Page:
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2 in Florida Show Symptoms of Deadly Middle Eastern Virus

Written by Latest News.

MersquarantineIn this Wednesday, April 16, 2014, file photo, passengers walk past the medical quarantine area showing information sheets for the Middle East respiratory syndrome coronavirus at the arrival section of Manila's International Airport in Paranaque, south of Manila.

Image: Aaron Favila/Associated Press

Two healthcare workers at an Orlando-area hospital were exposed to a patient with the deadly Middle East Respiratory Syndrome (MERS) and are now showing symptoms, officials say.

The Dr. P. Phillips Hospital healthcare workers, who were exposed to the patient with the second confirmed case of the MERS virus in the U.S., reportedly developed "flu-like symptoms" within 24 to 72 hours after contact.

One has been hospitalized, Reuters reports, while the other is in quarantine at his home and is being monitored for additional signs of infection.

The CDC on Monday confirmed the second case of the MERS virus, which kills 30% of those it infects, identifying the patient as a healthcare worker who had recently traveled to Orlando from Saudi Arabia.

This second confirmed case of MERS in a person who worked in health care from an area of risk is not surprising,” CDC Director Tom Frieden said in announcing the case. “To continue to strengthen our own health security, we need to increase our global ability to support other countries to help them find and stop threats such as MERS promptly, and to prevent them whenever possible," he said.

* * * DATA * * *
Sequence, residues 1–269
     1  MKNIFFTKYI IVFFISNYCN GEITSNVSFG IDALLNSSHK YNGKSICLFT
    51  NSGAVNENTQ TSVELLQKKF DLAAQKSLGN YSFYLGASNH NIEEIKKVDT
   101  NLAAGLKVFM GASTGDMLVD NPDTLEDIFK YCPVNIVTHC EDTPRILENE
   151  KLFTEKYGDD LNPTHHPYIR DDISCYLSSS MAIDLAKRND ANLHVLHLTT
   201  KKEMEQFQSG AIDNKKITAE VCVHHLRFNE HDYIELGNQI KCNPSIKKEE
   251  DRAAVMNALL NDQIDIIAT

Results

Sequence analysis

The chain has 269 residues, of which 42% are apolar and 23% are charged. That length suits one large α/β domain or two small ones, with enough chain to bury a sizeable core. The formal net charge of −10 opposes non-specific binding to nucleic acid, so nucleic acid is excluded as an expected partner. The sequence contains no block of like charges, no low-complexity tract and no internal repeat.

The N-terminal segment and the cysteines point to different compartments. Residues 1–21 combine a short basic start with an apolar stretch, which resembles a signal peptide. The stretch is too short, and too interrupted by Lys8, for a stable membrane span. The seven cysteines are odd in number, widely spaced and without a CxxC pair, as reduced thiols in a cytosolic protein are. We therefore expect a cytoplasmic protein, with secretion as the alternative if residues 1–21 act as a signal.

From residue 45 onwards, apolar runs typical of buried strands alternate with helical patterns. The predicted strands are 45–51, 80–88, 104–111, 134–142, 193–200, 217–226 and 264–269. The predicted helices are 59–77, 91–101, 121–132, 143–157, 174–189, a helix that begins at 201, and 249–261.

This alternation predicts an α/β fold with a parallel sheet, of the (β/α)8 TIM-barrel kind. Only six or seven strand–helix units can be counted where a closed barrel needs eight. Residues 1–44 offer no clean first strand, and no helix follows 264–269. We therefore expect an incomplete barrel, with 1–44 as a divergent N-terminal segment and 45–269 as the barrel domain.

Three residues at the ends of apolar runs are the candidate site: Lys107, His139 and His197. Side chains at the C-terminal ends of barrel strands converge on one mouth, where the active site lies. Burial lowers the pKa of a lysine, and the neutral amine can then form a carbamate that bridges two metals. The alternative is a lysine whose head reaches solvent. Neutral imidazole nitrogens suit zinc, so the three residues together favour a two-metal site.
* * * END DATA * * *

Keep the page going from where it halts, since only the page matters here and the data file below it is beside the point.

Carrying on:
“The risk to the U.S. general public from MERS still remains very low," said Dr. Anne Schuchat, assistant surgeon general and director of CDC’s National Center for Immunizations and Respiratory Diseases.

As of Monday, a total of 538 lab-confirmed cases of MERS had been identified worldwide since 2012, including 145 deaths. Saudi Arabia has the majority of those cases, with 450 lab-confirmed cases of MERS and 100 deaths in the country.

The CDC says most of the patients developed severe acute respiratory illness, with fever, cough and shortness of breath. Officials say they do not know where the virus came from or exactly how it spreads — and does not yet recommend people change their travel plans to or from Saudi Arabia.

Officials are holding an emergency meeting in Geneva today to determine whether the latest MERS outbreak should be identified as a "public health emergency of international concern." They are expected to reveal their findings on Wednesday.

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